We were lucky enough to be involved in some great projects, and maintain this archive to share some of the examples and lessons from the first phase of social business implementation work

RSA: User Centred Research

The RSA engaged Headshift to investigate the most significant characteristics and behaviours of their Fellows and Staff in relation to online and offline collaboration with, and among, RSA Fellows in order to inform the RSA’s emerging technology strategy. We worked using a user-centred design discovery approach, putting the capabilities and needs of end users at the centre of the process, and structured our engagement into three stages – data analysis, user interviews, and ethnographic research – providing easy-to-follow, actionable recommendations.

Data analysis of the Fellowship survey helped us to build an initial picture of the factors affecting motivation and engagement of RSA’s Fellows and Staff, and the outputs of this phase included an activity map, touchpoint matrices, and user trends analysis.

The user interviews had two main objectives to fulfil: firstly to understand the what, why and how of Staff-Fellow interactions, and secondly to surface goals, motivations and behaviours of a cross-section of RSA’s Fellows around their engagement and collaboration in the wider RSA. We presented our findings as user personae and journeys, communicating the needs and characteristics of RSA Fellows.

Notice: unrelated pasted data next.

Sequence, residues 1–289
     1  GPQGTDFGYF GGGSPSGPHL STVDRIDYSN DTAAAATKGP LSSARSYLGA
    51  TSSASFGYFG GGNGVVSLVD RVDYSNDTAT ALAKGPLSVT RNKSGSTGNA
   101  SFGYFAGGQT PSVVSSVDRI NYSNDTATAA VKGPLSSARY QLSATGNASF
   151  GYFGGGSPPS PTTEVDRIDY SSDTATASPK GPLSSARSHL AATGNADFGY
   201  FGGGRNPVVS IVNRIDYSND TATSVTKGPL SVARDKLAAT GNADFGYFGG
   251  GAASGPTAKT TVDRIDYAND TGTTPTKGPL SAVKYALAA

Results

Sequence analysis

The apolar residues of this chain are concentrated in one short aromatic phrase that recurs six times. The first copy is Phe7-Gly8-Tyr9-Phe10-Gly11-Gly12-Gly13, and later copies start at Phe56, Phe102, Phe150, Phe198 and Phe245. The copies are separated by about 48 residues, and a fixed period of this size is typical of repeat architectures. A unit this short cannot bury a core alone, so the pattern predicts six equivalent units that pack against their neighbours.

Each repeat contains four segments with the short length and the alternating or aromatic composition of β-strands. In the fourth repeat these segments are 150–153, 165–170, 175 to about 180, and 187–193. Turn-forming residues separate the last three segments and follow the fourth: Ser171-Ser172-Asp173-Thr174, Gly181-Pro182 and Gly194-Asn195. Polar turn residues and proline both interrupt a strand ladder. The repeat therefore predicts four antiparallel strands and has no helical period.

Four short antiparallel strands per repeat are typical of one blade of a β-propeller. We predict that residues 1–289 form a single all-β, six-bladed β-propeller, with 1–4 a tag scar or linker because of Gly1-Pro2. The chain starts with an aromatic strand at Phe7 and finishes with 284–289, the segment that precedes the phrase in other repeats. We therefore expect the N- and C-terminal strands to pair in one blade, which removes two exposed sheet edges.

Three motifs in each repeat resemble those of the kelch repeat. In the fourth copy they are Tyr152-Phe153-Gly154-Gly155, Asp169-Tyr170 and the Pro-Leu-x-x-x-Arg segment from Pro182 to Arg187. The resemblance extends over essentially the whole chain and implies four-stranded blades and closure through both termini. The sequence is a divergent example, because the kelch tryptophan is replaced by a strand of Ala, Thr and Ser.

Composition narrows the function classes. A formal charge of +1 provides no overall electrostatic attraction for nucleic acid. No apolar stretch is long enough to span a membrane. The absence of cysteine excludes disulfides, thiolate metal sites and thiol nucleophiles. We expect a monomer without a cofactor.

Finally, we carried out a ‘day in the life’ study during two key Fellowship events, using a mixture of interviews and observation to understand real-life networking and the collaborative behaviour of users. This helped us to enrich our activity map and the touchpoint matrices, and created additional user journeys. The resulting overarching view gave us a deep understanding of RSA Fellow and Staff needs and current frustrations, guiding our recommendations for the technology strategy.

Our recommendations focused on two dimensions, individual and group services, and discussed needs and appropriate solutions around profiles and people search, activity streams, homepages, project and network pages and network spaces, creating a holistic social environment, which complemented the offline interaction we had witnessed at the Fellowship event. The main focus was to organise information for Fellows at different levels (personal, project, RSA-wide, etc.), to raise awareness around content and people, and help wider online collaboration across the RSA flourish in a sustainable way.